The Washington Redskins could point to games in 2016 -- one in particular -- in which the special teams made a big difference and, perhaps, dictated the outcome.
It’s been the opposite this season. For a team fighting through injuries, the Redskins can't afford the negative game-changing plays made by special teams. In fact, both losses vs. Dallas turned in part because of special teams.
Meanwhile, they made one special-teams play that changed the momentum of a game -- but only temporarily, because they still ended up losing.
“Our special teams have been OK; we just haven’t had the splash plays on special teams, the momentum-changing plays that you look for on special teams,” Redskins coach Jay Gruden said. “Especially in these close games, I think when you have as many close games as we’ve had, sometimes it’s a special-team play that’ll put you over the top. We just haven’t had many of them. So we’ve just got to figure out ways to change the momentum on special teams.”
It’s a little late now considering the steep odds -- and wild scenarios -- it would take for the Redskins to make the postseason. But Gruden is right. The Redskins have played nine games in which there was a one-score difference entering the final minute; they won four of those games.
The Dallas games provided the worst miscues. Good teams overcome mistakes and still win, something the Redskins failed to do. But when there’s little margin for error, those bad plays haunt them.
In the first Cowboys game on Oct. 29, the Redskins had a 36-yard field goal attempt blocked and returned to the 4-yard line (a penalty pushed it to the 2). Instead of taking a 16-7 lead, the Redskins fell behind two plays later, 14-13. A Dallas offense that dominates on the ground was able to stick with its favored formula: Get a lead, and hog the ball.
The Redskins lost that game 33-19, though the final touchdown was scored in the last minute off an interception. In other words, that 10-point swing was huge.
Then there was last week. The Redskins ended up losing by 24 points to the Cowboys, but it was a 10-point game early in the fourth quarter. Again, momentum was destroyed by special teams. It started with Jamison Crowder once again fumbling a punt. The Redskins would have had the ball around the Dallas 45-yard line. Instead, after forcing a punt, they started their next series inside the 1. That led to a punt, which led to a shorter field -- and then a touchdown drive -- by Dallas.
Later, kick returner Maurice Harris fielded a ball close to the sideline instead of letting it go out of bounds. Had he done that, Washington would have started at its own 35-yard line. Instead, the Redskins started at the 18.
Injuries clearly have decimated Washington’s roster. When that happens, backups who were special-teamers become starters. And street free agents end up on special teams. But that doesn’t explain it all. For example, on the 83-yard punt return for a touchdown, the biggest issue was having a 62-yard punt down the middle of the field. When Dallas’ Ryan Switzer caught the ball, no Redskins player was within 20 yards of him. That enabled Switzer to set up any defender in his way -- and to do so from a safer distance.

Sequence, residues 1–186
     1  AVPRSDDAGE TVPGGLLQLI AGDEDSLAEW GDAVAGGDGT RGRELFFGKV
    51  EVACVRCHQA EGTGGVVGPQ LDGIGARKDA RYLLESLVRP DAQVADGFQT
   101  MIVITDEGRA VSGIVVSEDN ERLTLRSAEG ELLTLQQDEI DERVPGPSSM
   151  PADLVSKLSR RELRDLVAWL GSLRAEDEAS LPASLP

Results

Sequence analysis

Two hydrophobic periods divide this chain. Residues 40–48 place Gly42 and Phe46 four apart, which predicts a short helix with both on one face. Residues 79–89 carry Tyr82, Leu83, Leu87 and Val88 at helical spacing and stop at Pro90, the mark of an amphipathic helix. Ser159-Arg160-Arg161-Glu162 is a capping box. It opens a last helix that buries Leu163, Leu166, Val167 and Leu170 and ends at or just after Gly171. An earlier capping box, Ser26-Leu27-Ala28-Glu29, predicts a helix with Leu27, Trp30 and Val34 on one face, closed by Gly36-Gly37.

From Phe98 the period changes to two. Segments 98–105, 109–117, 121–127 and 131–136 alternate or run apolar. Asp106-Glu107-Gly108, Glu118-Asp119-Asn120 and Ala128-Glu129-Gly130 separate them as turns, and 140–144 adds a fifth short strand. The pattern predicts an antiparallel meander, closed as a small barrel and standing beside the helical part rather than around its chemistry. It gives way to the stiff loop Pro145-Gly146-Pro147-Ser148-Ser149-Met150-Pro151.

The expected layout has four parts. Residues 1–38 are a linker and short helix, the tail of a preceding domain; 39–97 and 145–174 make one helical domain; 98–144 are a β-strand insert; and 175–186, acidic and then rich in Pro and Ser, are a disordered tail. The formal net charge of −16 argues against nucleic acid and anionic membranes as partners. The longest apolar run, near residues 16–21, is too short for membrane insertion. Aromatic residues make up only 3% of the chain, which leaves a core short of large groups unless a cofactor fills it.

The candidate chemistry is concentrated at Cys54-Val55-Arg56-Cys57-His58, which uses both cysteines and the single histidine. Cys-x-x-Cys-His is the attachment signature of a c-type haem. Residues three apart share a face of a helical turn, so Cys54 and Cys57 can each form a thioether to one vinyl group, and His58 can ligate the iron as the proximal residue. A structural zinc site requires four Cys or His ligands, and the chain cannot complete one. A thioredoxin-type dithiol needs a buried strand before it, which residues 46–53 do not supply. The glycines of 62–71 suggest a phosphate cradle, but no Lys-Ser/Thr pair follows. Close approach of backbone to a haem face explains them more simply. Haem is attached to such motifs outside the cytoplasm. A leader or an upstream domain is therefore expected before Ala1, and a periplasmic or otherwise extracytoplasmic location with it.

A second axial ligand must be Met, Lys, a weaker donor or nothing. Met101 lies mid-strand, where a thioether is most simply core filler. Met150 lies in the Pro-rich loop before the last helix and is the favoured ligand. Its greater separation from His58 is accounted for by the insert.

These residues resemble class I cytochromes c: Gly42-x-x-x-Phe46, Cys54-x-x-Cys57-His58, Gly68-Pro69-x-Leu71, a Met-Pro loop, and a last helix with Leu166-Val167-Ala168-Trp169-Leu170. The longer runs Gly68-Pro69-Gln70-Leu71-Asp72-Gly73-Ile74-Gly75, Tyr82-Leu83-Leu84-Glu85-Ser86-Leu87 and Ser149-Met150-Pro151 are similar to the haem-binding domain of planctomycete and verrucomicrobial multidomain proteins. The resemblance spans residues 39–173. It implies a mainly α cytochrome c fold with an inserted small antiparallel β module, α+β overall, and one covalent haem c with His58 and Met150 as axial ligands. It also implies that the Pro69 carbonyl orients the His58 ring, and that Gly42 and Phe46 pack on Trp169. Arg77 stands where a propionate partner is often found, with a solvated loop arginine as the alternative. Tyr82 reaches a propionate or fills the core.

“We had a couple major FUBARs -- the dropped punt, the punt return for touchdown, the kickoff return we might’ve been able to let out of bounds,” Gruden said. “So there were three or four instances on special teams that, you know, wasn’t up to par for us.”
They did have the fake punt in the third quarter against New Orleans that led to a touchdown.
Crowder has been a mystery as well. He’s fumbled five times on punt returns and lost three. He lost one in his first two seasons returning punts. His hamstring has bothered him much of the season, and if it impacted him as a receiver, it certainly hurt him as a returner too.
Crowder has just five punt returns for 10 or more yards and none for more than 18 (blocking hasn't helped). Last season, he had five returns for 20 or more yards, three of 30 or longer and one for 85 yards and a touchdown -- the difference in a six-point win over Baltimore.
Last season, Crowder averaged 12.15 yards per punt return. This year? It’s 5.11. But his 2017 numbers are almost identical to how he fared as a rookie on returns, when he averaged 5.27 yards. Gruden has stuck with Crowder because there aren’t any strong alternatives on the roster.
The Redskins are seventh in kickoff coverage and last in punt coverage. They ranked 13th in punt coverage last season (and 13th on kickoffs). Last season, they were hurt by key missed field goals as well.
Having good special teams doesn’t guarantee success, but it certainly would have given the Redskins a better shot this season.